Maeda had originally planned to fit Jaya with a temporary external pacemaker that attached to her heart via wires through her chest. This had been done in small premature infants before. The advantage is a less invasive, fast initial surgery, but the disadvantage is the need within weeks to replace this with a full implanted and permanent device.
Maeda changed his mind when he saw that while Jaya’s condition was critical, she was not so sick as to need chest compressions. And although her heart rate was slow, it was stable. So he decided to implant the permanent device there and then, and spare Jaya the need for a second operation in a few weeks.
But that did not mean this procedure was without risk: the team had to proceed extremely carefully, as Maeda explained:
“Her heart muscle was so fragile that I had to be extra careful about putting stitches in. The heart muscle on such a small baby is easily torn; that’s why people usually prefer just putting in temporary pacing wires.”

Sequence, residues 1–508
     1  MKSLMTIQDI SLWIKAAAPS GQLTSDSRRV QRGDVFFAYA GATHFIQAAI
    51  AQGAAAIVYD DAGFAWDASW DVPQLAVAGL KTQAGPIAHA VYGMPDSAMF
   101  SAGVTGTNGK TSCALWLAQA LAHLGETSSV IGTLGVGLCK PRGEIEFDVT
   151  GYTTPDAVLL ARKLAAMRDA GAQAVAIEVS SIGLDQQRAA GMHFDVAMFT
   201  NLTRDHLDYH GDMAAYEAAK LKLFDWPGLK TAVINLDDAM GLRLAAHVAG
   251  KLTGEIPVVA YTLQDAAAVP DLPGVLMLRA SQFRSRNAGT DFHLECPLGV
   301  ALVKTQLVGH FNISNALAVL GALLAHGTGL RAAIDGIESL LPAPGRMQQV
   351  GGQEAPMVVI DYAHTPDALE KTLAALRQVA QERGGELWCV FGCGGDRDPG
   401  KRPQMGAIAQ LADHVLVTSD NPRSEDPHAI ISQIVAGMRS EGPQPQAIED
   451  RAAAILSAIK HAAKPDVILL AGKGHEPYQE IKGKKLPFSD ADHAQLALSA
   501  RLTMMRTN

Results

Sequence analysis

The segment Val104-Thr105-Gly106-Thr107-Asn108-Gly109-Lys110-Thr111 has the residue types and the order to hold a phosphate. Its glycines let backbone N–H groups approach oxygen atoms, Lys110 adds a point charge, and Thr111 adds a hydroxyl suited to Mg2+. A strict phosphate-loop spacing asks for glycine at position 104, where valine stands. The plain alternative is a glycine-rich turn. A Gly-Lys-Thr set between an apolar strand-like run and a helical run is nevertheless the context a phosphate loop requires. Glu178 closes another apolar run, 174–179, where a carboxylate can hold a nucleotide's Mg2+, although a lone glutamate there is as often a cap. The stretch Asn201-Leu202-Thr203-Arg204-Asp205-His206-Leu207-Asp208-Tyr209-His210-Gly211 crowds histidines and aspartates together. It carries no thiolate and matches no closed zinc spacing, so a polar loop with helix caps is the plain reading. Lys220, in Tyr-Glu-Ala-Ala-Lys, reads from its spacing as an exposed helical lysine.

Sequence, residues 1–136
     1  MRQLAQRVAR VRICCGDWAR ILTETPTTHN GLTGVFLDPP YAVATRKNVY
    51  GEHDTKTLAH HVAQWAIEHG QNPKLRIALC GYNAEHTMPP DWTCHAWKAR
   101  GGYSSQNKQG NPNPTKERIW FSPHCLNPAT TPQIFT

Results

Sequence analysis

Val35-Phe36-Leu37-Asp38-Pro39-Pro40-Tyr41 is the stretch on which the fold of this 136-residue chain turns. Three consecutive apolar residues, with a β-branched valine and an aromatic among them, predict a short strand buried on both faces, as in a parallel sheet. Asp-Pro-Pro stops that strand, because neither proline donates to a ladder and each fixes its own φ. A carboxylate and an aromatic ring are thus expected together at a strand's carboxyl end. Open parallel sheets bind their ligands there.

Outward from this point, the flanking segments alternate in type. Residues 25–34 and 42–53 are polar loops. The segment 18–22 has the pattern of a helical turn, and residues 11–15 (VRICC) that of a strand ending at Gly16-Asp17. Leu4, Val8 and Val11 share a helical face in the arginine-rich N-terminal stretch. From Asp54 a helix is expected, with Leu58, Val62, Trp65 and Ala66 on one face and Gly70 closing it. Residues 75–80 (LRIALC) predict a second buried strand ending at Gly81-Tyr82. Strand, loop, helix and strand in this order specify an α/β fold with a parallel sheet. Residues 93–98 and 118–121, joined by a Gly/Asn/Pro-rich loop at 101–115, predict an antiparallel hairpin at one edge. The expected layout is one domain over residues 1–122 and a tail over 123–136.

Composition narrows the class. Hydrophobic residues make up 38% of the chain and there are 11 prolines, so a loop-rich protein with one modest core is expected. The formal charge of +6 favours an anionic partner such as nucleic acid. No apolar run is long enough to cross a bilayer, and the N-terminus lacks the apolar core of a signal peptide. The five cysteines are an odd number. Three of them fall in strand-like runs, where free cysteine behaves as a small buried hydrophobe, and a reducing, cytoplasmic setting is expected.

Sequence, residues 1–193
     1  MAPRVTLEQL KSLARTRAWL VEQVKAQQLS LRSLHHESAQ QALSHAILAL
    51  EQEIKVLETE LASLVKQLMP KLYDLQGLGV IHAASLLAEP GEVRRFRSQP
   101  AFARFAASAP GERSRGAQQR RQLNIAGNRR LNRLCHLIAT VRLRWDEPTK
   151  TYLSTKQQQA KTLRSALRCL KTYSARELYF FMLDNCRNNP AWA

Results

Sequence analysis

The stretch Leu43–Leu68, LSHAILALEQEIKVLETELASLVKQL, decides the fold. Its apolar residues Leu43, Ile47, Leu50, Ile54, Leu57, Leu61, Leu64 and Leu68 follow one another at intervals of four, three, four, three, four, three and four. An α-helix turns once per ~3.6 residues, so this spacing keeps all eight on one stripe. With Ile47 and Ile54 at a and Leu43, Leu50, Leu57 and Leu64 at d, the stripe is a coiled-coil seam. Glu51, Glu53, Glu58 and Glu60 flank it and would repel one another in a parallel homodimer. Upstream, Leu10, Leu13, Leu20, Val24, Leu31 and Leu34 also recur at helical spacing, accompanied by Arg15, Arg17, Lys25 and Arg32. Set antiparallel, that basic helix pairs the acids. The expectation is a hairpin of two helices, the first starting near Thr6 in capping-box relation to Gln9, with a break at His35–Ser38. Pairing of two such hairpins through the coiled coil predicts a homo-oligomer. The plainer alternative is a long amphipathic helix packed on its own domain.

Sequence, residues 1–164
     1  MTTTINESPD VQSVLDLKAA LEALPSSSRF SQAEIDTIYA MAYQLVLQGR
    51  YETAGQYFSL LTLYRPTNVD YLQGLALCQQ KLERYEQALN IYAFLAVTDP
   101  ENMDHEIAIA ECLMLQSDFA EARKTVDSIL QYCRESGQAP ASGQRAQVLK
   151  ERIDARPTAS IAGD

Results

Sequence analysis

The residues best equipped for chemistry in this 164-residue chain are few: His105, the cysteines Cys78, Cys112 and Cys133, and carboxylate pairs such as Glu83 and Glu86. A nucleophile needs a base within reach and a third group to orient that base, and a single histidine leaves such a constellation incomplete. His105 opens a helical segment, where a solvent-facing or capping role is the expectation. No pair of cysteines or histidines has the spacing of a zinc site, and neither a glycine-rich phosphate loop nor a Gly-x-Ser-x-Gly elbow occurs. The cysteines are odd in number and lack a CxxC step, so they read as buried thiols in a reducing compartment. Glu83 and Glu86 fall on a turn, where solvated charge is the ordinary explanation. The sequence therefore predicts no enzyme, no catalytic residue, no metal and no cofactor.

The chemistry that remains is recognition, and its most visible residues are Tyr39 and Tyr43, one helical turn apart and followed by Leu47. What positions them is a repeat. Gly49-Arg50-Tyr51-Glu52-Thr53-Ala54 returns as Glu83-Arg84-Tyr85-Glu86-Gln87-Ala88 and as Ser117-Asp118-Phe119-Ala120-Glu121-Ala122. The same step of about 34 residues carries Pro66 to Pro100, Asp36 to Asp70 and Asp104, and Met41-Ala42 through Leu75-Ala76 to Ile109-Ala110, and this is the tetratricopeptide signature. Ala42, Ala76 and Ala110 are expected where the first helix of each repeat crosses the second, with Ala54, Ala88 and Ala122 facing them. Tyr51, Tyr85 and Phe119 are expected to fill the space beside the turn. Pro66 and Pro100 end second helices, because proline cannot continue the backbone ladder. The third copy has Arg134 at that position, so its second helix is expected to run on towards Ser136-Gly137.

It took just 8 stitches to connect two pacemaker’s leads to the baby’s tiny heart. Maeda implanted the pacemaker itself into her upper abdomen.
By the time Jaya was 2 hours old the surgery was completed and her heart was beating at the normal rate.
Jaya then had to spend six weeks in the hospital’s Neonatal Intensive Care Unit. Her heart was pumping normally, she put on weight quickly, and by the middle of January she was home.
Doctors say Jaya’s prognosis is “excellent”. She will need further surgery as she grows, to reposition the pacemaker leads, and every 5 to 7 years to fit a new battery, but apart from that, they say she should be able to lead a normal life.
Jaya is now almost three months old, and weighs 8 pounds: a thriving baby.
Her father told the press that all through the pregnancy, they never lost hope. Whenever they were worried, Jaya would kick from inside as if to say “I am here, I am alive!”
“We thought maybe she was trying to tell us that everything was OK, so we were always hopeful,” said Kamneel Maharaj.
It is fitting that he and his wife chose to name their little girl “Jaya”: it means “victory” in Hindi.
Written by Catharine Paddock PhD